Lewis Hamilton, Mercedes, Yas Marina, 2019

Ranked: The F1 cars of 2019 from fastest to slowest

Lap time watch: 2019 Abu Dhabi Grand Prix

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With the final qualifying session of the 2020 F1 season complete, the full picture of how competitive each team was this year can be assembled.

Despite a late surge from Ferrari after the summer break, which included a streak of six consecutive pole position, Mercedes on average had the fastest car over a single lap. But the gap was slender, on average, over the course of the year: Over a typical lap, the silver cars were just 0.16% quicker.

Red Bull grabbed a pair of pole positions over the course of the year as well, and would have had a third in Mexico had Max Verstappen not been penalised for a yellow flag infringement. Nonetheless, they were clearly the quickest car over a single lap that weekend.

The gap between the ‘big three’ teams and the rest of the field fell slightly this year. Last season, the next six teams were within 1.9-2.9% of the fastest lap on average. This year that range fell to 1.6-2.3%.

That leaves Williams, who were the slowest team over a single lap at almost every race this year. The only exception was the Hungarian Grand Prix, where George Russell managed to out-qualify the two Racing Points.

Lewis Hamilton narrowly beat the Yas Marina track record with his pole position lap. Hamilton’s 1’34.779 beat the previous record he set last year by just 15 thousandths of a second.

Those close midfield lap times have come about despite some significant performance swings. Alfa Romeo were a massive 1.8 seconds slower here compared to last year, and Haas were a second off their 2018 pace. Curiously, half the grid were quicker than they had been last year, and half were slower.

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2019 Abu Dhabi Grand Prix

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Author information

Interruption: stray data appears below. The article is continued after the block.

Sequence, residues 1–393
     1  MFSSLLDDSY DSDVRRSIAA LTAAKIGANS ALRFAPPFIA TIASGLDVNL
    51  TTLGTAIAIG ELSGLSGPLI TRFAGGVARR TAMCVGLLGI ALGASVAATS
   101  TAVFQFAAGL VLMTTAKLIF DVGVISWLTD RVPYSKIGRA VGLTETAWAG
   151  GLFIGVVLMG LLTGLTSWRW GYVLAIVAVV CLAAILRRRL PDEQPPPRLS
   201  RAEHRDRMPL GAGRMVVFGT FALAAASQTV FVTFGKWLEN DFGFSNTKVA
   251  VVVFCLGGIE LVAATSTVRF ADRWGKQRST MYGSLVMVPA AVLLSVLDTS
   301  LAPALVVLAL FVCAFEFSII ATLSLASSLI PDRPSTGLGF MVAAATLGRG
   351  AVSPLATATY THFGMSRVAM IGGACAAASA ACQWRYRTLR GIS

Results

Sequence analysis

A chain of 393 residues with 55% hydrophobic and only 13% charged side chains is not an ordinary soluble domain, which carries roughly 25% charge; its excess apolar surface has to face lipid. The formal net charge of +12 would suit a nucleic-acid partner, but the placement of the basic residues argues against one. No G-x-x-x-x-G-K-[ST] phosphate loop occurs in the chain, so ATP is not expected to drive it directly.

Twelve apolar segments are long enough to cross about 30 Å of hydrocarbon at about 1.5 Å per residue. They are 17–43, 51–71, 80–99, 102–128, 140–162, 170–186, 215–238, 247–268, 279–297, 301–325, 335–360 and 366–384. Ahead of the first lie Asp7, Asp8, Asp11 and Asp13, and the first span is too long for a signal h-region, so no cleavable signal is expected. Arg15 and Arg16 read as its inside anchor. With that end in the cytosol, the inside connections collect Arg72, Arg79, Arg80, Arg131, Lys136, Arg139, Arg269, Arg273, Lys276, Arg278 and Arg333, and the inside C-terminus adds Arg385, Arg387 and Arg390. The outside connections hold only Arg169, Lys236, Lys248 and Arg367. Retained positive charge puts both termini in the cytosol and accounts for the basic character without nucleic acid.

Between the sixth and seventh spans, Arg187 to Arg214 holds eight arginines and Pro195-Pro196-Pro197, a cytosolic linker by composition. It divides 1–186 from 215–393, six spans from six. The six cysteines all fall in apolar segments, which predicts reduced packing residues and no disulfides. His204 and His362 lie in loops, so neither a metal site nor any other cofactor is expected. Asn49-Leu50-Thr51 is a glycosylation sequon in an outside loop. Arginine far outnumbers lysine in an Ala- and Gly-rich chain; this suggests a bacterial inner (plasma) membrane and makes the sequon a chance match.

Keith Collantine
Lifelong motor sport fan Keith set up RaceFans in 2005 - when it was originally called F1 Fanatic. Having previously worked as a motoring...

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15 comments on “Ranked: The F1 cars of 2019 from fastest to slowest”

  1. Regarding the lap time improvement in 2019-chart: You can count the Autodromo Hermanos Rodriguez as well, as the improvement in absolute lap time was a thousand of a second or 0.001, the gap between this year’s fastest QLF-time, the original pole time, and the 2018 equivalent time.

  2. I’m not sure why, but Williams were, on average, slightly quicker (0.082 sec) at Yas Marina this year compared to last year.

    1. Law of averages says that, even if you don’t know what you’re doing, you’ll get it right at least once a year…
      It’s a huge shame and I hope this is as low as we ever see Williams (but I’m not holding my breath for next year).

  3. This season should be remembered for the most overblown hype of F1´s history – Ferrari´s pre-season testing and Mercedes´ sandbagging with bringing completely new car to the second part of the tests. Hope the journalist wise up and we won´t be hearing “seems like Ferrari is in the best shape” in Barcelona again.

    1. @pironitheprovocateur Clever subtle irony indeed.

    2. Nearly for a decade limping donkeys have been overhyped on test form only to fall facefirst in BS as season progresses.